Paddle Pulse: 7 top tips for efficient paddling technique

By Toby Story February 5, 2024
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New to kayaking? No worries! In the latest Paddle Pulse, Toby Story from Southern Sea Ventures guides you through some technique fundamentals to help you save energy, prevent injury and have fun.

As we’ve said in previous Paddle Pulse instalments, there’s nothing quite like kayaking to get you outdoors, exercising and up close and personal with nature and wildlife. But before you dip your paddle for the first time, familiarity with some basic concepts and techniques can help you save energy, prevent injury, and ensure your time on the water is memorable for the right reasons.


For seasoned kayakers, the ins-and-outs of paddling technique can become quite a science, but for those new to the sport, these essentials will be plenty to get you started. 

1. Paddle orientation

Yes, your paddle has a top and a bottom! Make sure the longer edge of the paddle blade is at the top. The concave part should face you. This design helps catch and push more water with each stroke, propelling you efficiently.


2. Hand placement

Grip your paddle lightly with both hands, keeping them slightly wider than shoulder-width apart. Extend your arms out with the paddle horizontally in front of you to check if your grip is even: the centre of the paddle shaft should align with the centre of your chest.

An even grip means less strain on your shoulder and back muscles when paddling. Toby Story/SSV

3. Forward stroke basics

Mastering the forward stroke is key to efficient kayaking, and it’s composed of three main phases: the ‘catch’, the ‘power phase’, and the ‘release’.

The Catch: This is the starting point of your stroke. Position the blade near your toes and as you reach forward, plunge the blade fully into the water. Think of it as ‘catching’ the water to prepare for the pull. Try to keep your arms in a fixed position with elbows slightly bent and gain the extra reach by rotating your torso to extend your catch.

The Power Phase: After the catch, it’s time for the main event. Push with your upper hand and pull with your lower hand, engaging your core to harness maximum strength and efficiency. Your torso should rotate with the stroke, reflecting the power generated from your core, not just your arms. This rotation also sets you up for the next stroke and increases your reach.

The Release: As the blade passes your hip, it’s time to smoothly exit the water. This is done by ‘slicing’ the blade out of the water at a slight angle, setting you up for the next catch on the alternate side. The release is as important as the catch because it sets the rhythm for your paddling cadence.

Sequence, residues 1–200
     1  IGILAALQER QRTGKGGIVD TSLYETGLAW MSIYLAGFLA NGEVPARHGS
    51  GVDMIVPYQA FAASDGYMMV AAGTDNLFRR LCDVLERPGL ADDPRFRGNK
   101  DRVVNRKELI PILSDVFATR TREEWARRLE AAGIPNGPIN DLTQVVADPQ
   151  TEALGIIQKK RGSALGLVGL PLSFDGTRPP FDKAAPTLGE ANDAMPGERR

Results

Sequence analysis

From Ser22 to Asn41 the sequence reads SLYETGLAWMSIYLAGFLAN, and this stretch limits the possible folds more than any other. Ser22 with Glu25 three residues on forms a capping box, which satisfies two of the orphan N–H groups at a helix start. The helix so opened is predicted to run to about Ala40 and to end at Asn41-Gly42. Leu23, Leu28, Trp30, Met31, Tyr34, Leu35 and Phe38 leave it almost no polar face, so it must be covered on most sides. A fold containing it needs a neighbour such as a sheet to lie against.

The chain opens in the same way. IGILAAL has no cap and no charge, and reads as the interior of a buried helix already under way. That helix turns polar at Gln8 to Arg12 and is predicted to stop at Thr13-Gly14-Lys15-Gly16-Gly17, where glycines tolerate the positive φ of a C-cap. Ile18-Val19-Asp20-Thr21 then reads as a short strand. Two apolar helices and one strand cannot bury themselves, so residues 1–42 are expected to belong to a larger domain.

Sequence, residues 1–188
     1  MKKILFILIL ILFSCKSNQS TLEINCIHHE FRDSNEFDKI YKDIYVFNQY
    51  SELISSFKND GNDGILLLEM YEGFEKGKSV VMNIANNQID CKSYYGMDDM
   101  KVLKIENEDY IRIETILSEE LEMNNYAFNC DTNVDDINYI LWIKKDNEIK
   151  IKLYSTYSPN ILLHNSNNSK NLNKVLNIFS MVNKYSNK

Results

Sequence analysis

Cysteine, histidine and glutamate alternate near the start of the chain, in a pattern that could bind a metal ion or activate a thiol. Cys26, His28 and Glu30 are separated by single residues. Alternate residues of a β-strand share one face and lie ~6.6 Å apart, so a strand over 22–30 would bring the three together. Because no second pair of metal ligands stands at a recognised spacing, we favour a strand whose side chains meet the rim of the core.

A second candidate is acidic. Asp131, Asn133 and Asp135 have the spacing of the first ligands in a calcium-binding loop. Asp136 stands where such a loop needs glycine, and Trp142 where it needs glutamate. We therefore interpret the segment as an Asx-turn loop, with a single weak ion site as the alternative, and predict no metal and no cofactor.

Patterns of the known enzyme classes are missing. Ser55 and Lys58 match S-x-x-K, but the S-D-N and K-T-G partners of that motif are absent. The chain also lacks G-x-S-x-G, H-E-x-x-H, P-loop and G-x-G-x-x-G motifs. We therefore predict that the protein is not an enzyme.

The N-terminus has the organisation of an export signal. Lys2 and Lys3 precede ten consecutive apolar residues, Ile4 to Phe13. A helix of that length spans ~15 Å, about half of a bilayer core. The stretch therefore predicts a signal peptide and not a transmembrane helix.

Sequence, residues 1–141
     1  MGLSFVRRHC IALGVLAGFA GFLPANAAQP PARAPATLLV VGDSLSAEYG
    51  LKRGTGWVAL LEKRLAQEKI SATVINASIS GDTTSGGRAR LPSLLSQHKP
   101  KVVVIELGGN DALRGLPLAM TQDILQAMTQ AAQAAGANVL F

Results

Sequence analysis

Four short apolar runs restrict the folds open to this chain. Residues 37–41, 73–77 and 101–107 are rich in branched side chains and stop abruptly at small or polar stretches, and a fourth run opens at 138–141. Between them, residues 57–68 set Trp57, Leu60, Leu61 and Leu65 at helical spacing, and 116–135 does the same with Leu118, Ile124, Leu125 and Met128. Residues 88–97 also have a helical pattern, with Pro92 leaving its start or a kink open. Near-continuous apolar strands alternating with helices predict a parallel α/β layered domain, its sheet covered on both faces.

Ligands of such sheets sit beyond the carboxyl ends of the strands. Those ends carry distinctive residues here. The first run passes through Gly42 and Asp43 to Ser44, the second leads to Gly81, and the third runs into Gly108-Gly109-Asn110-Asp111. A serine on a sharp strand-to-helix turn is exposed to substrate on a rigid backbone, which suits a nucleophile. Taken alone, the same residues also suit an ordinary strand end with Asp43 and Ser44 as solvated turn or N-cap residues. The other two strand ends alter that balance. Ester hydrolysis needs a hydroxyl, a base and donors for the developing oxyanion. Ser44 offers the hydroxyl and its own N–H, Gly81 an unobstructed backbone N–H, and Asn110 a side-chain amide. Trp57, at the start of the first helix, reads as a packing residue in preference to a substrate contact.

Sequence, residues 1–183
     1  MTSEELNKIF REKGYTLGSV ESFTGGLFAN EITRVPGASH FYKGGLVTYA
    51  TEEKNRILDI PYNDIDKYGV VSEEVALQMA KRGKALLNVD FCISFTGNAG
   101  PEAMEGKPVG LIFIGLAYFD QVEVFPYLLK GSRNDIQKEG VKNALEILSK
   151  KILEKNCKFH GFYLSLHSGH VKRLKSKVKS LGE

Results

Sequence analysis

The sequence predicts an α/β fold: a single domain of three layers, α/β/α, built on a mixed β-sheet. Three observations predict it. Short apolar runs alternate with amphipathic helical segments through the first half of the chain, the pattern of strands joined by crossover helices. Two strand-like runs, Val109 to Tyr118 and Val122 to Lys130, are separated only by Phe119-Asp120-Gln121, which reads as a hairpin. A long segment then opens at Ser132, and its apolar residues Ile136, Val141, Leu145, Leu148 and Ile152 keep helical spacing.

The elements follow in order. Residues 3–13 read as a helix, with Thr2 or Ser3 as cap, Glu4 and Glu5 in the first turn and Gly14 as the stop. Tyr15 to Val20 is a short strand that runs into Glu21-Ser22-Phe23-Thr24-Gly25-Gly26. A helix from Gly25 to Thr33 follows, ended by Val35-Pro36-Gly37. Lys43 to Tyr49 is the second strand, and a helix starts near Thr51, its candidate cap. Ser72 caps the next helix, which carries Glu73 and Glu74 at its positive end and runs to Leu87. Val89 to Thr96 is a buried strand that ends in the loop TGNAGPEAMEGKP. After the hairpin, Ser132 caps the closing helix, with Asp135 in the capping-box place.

4. Setting up your seating

Making sure you have good connectivity with the kayak is imperative to ensuring you are getting the most out of every stroke. Make sure your seat and foot pedals are adjusted to be firm but not too tight (otherwise you can end up with cramps). You want to have your feet firmly planted on the pedals with your back against the backrest while sitting in an upright position. 

It looks amusing but the best place to check the kayak’s rudder pedals are in the right spot for your leg-length – and the seat is adjusted for optimum support – is on the shore, before you hit the water. Liz Ginis

5. Keeping your kayak straight

New paddlers often find their kayak zigzagging. To maintain a straight line, concentrate on making your strokes uniform on both sides, and tread lightly on the rudder. Use landmarks ahead of you to help navigate in a straight line.


6. Rhythmic breathing

Breathing might seem natural, but being conscious of it can improve your paddling and make for a more relaxing experience on the water. Try to synchronise your breaths with your strokes – exhale as you pull the paddle through the water, and inhale as you set up for the next stroke.


7. Take breaks

Paddling can be taxing, especially when you’re new to it. Listen to your body, and take breaks as needed. Use this time to relax your grip, stretch, and enjoy your surroundings. Even between strokes, loosening your grip on the paddle and relaxing your forearms will help reduce the risk of tendonitis.

Taking time to relax and just float helps not only your muscles and tendons, but means you can enjoy more fully the fact you’re immersed in one of the world’s most spectacular environments. Justin Walker

Remember, practice makes perfect so the best way to learn is to get out on the water and give it a try (to read about the appeal of sea kayaking, see here). Southern Sea Ventures offers plenty of beginner-friendly trips with experienced guides on hand to coach you through technique. You’ll be debating the finer points of paddling technique with the pros in no time!

Toby Story is the Senior Guide and Director at Southern Sea Ventures, which offers guided sea kayaking adventures that cater to paddlers of all levels.